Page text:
Discordant strawberries in Spain

The province of Huelva in Andalusia produces 300,000 tonnes of strawberries annually, accounting for 90% of Spain's production.
The province of Huelva in Andalusia produces 300,000 tonnes of strawberries annually, which is 90% of Spain’s production (JORGE GUERRERO / AFP).

“Scandals”, “lie”, “disasters” … In Andalusia, the strawberry center of Spain, a project to normalize illegal exploitation is a farmer and elected official worried about the future of Doñana Park. , Tearing environmental activists. A nature reserve in the process of desertification.

“It’s dry … it’s really dry.” Standing in the middle of a vast land surrounded by dunes and pine forests, Juan Romero examines the cracked ground and the dusty horizon. “At this time of the year, it should be flooded and filled with flamingos,” he was frustrated.

A member of the Save Doñana platform, this retired man has fought for years to defend this park in southern Spain. It is a UNESCO World Heritage Site and is home to thousands of species of flora and fauna in a 100,000 hectare lagoon. And the forest.

“Doñana is a paradise for migratory birds, but this ecosystem is threatened,” explains Sexagenarian in a rocky voice, “global warming” of groundwater for irrigating vast strawberry fields located a few kilometers away. Condemn the effects of “Chemicalization” and “Overfishing”. Further north.

Dunes in the Doñana Nature Park in Ayamonte, Huelva, May 20, 2022
May 20, 2022, Sand dunes of Doñana Natural Park in Ayamonte, Huelva (JORGE GUERRERO / AFP)

According to environmentalists, this phenomenon could be exacerbated in the near future. Problem: A bill aimed at increasing irrigation rights in the region, defended by the People’s Party (right) in power in Andalusia, with the support of the far-right Vox party.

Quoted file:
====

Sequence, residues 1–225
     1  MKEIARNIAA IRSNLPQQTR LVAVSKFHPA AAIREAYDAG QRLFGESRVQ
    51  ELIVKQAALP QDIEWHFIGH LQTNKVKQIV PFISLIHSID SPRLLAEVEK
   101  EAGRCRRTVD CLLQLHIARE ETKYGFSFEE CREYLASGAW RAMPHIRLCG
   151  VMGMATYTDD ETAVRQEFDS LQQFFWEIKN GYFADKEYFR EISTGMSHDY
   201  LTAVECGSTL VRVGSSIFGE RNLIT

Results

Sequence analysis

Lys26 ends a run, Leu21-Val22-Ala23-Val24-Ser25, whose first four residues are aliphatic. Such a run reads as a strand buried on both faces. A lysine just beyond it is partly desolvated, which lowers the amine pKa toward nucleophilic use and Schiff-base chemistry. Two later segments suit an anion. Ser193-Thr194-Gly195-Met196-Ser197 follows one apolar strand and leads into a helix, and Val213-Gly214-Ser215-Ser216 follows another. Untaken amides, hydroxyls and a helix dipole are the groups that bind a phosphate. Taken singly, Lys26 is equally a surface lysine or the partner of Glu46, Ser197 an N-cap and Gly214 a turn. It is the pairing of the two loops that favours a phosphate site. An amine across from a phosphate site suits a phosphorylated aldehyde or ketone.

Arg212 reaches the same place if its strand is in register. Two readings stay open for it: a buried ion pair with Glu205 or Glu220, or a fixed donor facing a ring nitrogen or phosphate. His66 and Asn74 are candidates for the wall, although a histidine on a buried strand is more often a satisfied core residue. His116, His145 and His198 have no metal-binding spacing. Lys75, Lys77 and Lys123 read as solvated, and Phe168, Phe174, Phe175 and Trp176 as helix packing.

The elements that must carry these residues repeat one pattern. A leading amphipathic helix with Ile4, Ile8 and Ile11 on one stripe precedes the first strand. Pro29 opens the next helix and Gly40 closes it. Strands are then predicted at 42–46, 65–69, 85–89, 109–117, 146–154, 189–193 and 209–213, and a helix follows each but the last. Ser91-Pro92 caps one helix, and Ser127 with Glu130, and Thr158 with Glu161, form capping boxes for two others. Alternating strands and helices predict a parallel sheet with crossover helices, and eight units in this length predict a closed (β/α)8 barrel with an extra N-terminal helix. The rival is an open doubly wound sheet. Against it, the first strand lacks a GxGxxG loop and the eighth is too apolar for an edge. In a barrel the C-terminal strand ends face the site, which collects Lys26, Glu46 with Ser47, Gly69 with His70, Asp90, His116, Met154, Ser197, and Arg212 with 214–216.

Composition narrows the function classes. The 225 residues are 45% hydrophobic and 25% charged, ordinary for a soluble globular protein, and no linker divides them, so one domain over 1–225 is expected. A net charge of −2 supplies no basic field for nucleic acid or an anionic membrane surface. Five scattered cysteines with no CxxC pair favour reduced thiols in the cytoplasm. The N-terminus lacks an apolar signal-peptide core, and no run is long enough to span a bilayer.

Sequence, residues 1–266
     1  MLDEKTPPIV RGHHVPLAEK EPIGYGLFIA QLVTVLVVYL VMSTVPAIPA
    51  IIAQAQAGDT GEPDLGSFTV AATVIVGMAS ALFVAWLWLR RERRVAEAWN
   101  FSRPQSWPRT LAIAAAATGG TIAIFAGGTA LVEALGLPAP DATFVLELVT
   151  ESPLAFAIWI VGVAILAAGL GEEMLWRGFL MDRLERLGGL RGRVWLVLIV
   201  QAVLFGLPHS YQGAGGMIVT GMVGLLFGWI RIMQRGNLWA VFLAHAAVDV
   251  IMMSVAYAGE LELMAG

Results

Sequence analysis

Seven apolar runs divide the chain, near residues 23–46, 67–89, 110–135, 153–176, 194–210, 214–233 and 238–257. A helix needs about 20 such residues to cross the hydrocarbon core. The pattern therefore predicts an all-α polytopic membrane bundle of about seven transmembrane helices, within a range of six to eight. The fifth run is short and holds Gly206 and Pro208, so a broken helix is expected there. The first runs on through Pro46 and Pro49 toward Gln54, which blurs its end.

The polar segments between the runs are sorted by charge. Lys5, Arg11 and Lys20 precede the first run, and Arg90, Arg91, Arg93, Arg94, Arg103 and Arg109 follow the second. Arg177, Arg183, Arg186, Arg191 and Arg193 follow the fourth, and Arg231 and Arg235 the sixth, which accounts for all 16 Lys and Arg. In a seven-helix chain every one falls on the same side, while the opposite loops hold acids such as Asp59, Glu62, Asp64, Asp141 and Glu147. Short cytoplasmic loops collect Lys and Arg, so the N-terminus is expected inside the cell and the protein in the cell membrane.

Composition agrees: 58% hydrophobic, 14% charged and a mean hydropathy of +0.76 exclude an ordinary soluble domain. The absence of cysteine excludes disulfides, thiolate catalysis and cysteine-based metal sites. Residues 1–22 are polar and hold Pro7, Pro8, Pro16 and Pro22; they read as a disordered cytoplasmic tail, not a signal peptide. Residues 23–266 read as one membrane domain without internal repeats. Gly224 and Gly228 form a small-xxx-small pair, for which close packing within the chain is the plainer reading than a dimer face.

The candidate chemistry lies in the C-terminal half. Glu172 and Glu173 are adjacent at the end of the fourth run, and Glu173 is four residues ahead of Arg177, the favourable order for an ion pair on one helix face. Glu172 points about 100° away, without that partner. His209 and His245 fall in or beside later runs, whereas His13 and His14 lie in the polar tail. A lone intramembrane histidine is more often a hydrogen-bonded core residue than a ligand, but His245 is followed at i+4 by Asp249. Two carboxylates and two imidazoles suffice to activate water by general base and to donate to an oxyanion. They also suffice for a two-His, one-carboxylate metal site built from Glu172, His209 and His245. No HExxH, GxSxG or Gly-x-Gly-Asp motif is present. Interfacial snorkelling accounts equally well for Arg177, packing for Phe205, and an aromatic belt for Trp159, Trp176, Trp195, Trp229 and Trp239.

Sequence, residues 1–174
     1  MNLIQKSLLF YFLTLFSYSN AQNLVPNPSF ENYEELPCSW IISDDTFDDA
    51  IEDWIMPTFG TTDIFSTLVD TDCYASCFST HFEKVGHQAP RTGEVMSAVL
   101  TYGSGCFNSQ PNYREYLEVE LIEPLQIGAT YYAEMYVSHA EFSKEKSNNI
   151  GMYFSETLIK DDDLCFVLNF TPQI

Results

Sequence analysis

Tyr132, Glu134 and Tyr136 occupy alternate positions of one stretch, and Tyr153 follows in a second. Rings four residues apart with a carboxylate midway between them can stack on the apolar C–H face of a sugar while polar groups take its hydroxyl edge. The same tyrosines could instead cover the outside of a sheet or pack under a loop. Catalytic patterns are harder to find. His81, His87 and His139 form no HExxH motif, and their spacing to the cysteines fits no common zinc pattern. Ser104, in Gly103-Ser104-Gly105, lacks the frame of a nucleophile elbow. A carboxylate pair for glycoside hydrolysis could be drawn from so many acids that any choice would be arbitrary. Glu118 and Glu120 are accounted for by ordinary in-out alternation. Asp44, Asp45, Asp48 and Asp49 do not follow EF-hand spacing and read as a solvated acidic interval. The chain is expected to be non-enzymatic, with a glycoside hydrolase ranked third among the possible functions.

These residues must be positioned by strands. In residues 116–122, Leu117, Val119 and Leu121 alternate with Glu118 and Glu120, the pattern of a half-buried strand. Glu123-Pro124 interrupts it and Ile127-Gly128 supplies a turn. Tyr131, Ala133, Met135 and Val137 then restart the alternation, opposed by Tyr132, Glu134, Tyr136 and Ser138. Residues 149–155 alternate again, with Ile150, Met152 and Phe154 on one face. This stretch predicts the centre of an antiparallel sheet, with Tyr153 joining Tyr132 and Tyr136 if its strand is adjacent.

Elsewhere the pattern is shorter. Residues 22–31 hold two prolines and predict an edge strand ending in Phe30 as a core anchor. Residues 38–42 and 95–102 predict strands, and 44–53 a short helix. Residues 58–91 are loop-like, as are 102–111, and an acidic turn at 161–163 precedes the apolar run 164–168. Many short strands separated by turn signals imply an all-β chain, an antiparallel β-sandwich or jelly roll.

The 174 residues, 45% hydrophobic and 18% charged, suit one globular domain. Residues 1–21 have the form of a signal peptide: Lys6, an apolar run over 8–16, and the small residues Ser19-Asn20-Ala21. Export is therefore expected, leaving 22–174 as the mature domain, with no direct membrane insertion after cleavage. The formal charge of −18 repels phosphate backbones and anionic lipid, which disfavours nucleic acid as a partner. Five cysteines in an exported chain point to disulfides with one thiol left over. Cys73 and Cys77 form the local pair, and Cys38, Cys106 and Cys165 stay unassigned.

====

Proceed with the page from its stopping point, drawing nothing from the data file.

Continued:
“According to our calculations,” this initiative “may lead to a normalization of about 1,900 hectares” of red fruit crops that are currently irrigated “by secret wells,” said Juan Jocarmona, an environmental NGO WWF. Blame “For Doñana, it will be a disaster!”

“Red gold”

The project, which is opposed by the central government of socialist Prime Minister Pedro Sanchez, is currently suspended due to an early election in Andalusia on June 19.

But the People’s Party, which leads the polls, and Vox, which is booming in Spain, have promised to revive it if they win.

This normalization “does not pose a danger to Doñana. The only goal is to repair fraud against farmers” left behind “by the division of the previous agricultural area,” said Vox, head of the area. One Rafael Segovia says.

The province of Huelva in Andalusia produces 300,000 tonnes of strawberries annually, accounting for 90% of Spain's production.
The province of Huelva in Andalusia produces 300,000 tonnes of strawberries annually, which is 90% of Spain’s production (JORGE GUERRERO / AFP).

In 2014, the Andalusian government, then led by the left, restored the order of red fruit cultivation after years of anarchy, supported by the proliferation of secret irrigation drilling holes. I wanted to do it.